(R) Jesus claimed the ability to forgive sins(Mark 2:5-7), which the Bible teaches was something that God alone could do(Isaiah 43:25).
(MB) Such a claim is not proof that one actually has that ability, nor is it proof that the claimant has become co-equal with God.

(R) The New Testament equated Jesus as the Creator of the universe(John 1:3), and that He is the one who holds everything together(Colossians 1:17).
(MB) It is important to note that those are not claims made by Jesus himself, but claims of those who are writing in support of Jesus' divinity. They do not automatically gain validity just because of the subject involved.

(R) Not only did his friends notice that He claimed to be God, but so did His enemies. There may be some doubt today among the skeptics who refuse to examine the evidence, but there was no doubt on the part of the Jewish authorities.
(MB) The doubts arise *from* examining the evidence, not by refusing to look at it -- and the only evidence available is the contradictory accounts in the Gospels.

(R) When Jesus asked them why they wanted to stone Him, they replied, "For a good work we do not stone You, but for blasphemy; because You, being a man, make Yourself out to be God"(John 10:33).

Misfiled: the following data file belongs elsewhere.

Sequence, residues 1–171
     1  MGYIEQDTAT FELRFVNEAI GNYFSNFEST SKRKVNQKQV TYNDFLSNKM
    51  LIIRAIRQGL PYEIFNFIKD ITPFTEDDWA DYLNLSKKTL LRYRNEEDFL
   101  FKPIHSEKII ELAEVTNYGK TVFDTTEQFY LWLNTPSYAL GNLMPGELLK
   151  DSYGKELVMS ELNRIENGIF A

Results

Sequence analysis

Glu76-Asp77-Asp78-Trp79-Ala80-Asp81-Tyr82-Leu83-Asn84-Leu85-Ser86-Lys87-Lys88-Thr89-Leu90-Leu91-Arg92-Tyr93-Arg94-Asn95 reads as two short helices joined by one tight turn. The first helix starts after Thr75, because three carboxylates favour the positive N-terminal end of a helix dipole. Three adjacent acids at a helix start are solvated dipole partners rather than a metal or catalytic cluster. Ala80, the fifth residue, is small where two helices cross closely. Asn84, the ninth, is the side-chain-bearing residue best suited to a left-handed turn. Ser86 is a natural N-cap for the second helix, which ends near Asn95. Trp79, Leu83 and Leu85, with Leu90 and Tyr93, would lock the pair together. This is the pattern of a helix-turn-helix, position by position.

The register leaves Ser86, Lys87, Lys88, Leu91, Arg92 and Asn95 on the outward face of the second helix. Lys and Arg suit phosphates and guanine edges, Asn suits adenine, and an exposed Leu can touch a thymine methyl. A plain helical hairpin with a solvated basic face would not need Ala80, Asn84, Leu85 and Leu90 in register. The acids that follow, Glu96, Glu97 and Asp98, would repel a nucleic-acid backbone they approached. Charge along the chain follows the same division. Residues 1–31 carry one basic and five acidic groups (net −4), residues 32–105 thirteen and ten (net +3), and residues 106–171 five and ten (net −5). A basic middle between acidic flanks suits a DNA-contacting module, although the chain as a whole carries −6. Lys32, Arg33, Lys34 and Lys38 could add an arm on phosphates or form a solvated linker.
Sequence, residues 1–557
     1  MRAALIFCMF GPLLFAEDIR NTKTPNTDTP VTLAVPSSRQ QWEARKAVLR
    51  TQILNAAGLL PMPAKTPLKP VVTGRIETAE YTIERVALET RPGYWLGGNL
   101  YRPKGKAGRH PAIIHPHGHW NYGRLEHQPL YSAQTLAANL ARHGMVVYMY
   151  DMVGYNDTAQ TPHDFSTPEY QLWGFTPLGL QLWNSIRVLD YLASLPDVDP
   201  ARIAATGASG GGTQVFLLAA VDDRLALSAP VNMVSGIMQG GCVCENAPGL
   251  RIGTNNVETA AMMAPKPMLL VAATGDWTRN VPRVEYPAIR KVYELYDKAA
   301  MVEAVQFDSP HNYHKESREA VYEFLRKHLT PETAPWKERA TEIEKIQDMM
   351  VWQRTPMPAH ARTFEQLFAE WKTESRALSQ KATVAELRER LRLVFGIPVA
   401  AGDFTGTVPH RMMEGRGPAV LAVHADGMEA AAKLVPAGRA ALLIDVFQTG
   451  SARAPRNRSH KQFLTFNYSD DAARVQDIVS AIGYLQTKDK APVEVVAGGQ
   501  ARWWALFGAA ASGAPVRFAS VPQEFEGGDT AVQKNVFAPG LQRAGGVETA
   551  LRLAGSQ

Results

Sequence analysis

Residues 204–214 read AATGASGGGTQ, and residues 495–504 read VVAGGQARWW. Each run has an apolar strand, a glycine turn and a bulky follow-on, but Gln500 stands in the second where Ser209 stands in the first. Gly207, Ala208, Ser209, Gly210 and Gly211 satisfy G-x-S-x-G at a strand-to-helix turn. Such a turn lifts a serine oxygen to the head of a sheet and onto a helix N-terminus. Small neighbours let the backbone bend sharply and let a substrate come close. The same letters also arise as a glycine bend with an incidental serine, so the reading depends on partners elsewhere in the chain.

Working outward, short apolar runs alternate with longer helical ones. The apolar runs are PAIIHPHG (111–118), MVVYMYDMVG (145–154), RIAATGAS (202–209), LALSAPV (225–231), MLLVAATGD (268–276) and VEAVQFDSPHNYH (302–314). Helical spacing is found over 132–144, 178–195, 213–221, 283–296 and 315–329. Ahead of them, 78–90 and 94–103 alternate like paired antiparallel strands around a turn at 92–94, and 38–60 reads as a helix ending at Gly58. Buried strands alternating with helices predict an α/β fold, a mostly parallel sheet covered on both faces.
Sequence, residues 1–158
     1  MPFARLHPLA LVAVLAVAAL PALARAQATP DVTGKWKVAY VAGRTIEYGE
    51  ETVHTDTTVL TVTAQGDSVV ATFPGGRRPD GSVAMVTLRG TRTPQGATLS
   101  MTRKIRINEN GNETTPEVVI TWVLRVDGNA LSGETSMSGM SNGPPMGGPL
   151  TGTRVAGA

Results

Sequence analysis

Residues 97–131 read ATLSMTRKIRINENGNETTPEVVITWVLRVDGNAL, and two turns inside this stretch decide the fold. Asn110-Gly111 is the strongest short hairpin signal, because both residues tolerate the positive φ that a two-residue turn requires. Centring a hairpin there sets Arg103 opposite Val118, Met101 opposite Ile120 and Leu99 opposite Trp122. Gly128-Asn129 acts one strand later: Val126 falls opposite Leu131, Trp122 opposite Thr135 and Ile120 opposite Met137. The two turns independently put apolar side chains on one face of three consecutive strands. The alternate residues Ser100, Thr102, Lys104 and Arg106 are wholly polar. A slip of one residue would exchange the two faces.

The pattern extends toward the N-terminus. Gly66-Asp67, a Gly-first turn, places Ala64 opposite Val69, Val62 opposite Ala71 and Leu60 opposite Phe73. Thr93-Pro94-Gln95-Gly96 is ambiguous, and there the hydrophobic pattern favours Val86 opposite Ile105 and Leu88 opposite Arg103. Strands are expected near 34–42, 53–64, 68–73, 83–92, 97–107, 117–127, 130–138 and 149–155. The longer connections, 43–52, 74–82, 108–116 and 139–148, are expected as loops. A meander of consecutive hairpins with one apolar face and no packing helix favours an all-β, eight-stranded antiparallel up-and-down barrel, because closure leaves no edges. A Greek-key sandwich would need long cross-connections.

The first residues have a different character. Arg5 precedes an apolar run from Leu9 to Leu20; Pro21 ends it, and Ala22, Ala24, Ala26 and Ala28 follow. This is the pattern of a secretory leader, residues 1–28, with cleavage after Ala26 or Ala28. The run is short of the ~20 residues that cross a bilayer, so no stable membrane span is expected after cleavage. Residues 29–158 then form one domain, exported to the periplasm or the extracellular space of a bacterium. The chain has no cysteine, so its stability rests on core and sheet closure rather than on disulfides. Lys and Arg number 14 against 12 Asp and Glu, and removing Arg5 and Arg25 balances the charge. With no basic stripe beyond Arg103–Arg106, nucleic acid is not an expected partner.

(MB) First, merely claiming to be the Son of God was not an offense against Jewish law, much less one that could have resulted in stoning.
    Second, the Gospel stories contain several errors of historical fact concerning the procedures observed by the Sanhedrin and the dictates of Jewish law that combine to cast serious doubts about them -- perhaps the most critical being that it was illegal under the law to begin such a trial on the day before the Sabbath (which is when Matthew, Mark, and Luke say it took place).

(R) Why should we believe Jesus was the Son of God? Miracles and fulfilled prophecy are some reasons.
(MB) First, a "miracle" is nothing more than an event that an observer can't explain. If I could bring some of today's technological wonders back in time and demonstrate them for the same crowd that is said to have followed Jesus, I could also "perform miracles".